A Guide to Medium vs Short-Term Marriages

A Guide to Medium vs Short-Term Marriages

In UK family law, there is no strict definition of a "short" marriage, but generally, marriages that last less than 5 years are often considered short.

For marriages of the 5 - 10 years duration, are often considered to be of medium length. While there's no strict rule, the duration of the marriage is an important factor in the division of assets during a divorce and the court still considers various factors such as the needs and future earning capacities of both parties, contributions to the marriage (both financial and non-financial), and the standard of living during the marriage. However, the approach to dividing assets can be somewhat between the treatment of shorter and longer marriages.

The length of the marriage is a significant factor that courts take into account when dividing assets during a divorce.

For short marriages, the courts may lean more towards the principle of non-matrimonial property, meaning that they are more likely to consider assets brought into the marriage by each individual as remaining their own.

Additionally, the division of assets accumulated during the marriage is typically more focused on ensuring each party exits the marriage with what they brought into it, rather than an equal division of all assets.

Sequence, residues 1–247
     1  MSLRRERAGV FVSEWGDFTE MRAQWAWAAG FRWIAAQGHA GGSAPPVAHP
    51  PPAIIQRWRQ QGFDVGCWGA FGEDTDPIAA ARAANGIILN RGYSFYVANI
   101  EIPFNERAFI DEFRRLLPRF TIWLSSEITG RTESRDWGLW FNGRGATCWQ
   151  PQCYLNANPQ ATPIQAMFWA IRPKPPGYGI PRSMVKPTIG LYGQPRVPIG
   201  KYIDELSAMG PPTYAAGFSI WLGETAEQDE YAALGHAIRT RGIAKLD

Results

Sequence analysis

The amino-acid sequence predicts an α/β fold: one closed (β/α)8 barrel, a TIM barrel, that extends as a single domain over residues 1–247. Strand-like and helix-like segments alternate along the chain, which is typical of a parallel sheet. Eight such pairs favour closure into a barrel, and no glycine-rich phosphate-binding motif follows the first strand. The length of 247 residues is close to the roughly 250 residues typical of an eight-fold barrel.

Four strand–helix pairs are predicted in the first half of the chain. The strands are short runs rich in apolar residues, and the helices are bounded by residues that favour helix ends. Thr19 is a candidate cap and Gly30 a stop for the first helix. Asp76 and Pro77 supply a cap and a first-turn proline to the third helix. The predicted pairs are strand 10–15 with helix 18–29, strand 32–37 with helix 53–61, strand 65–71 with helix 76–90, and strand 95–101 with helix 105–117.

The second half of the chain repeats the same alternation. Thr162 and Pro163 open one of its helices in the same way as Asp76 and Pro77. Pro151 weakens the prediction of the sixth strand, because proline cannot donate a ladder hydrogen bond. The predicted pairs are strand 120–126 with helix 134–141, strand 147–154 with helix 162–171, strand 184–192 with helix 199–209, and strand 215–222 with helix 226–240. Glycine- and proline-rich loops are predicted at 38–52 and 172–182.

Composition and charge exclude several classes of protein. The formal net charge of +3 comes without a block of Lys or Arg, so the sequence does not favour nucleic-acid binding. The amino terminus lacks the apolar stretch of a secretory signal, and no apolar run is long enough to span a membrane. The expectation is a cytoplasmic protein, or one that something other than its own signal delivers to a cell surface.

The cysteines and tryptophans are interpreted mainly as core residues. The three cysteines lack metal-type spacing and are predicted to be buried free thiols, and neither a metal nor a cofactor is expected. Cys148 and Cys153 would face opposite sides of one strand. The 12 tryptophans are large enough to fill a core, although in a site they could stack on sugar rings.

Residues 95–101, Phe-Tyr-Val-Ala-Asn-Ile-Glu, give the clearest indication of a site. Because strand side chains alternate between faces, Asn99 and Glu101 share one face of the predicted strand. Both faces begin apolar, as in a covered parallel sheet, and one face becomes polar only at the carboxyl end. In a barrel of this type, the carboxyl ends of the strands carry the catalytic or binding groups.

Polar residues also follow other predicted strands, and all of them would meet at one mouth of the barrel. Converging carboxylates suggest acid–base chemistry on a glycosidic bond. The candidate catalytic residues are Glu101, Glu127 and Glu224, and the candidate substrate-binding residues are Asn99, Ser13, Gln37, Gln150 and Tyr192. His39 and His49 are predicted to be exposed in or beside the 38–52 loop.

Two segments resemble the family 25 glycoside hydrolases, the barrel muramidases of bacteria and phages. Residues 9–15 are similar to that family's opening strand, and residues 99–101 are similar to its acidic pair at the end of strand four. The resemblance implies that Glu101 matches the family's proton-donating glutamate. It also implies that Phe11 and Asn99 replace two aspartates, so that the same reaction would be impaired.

In shorter marriages, the focus may shift more towards ensuring both individuals can sustain themselves independently post-divorce, which could mean a different approach to dividing assets accumulated during the marriage rather than equalising future incomes.

For medium marriages, the division of assets may still reflect the partnership's contributions, but with a careful consideration of the extent to which the parties have mingled their assets and the extent to which each party has contributed to building those assets.

It is less about ensuring a 50/50 split and more about achieving a fair outcome that reflects the marriage's circumstances and duration.

It's recommended to seek advice for personalised guidance in a divorce scenario.

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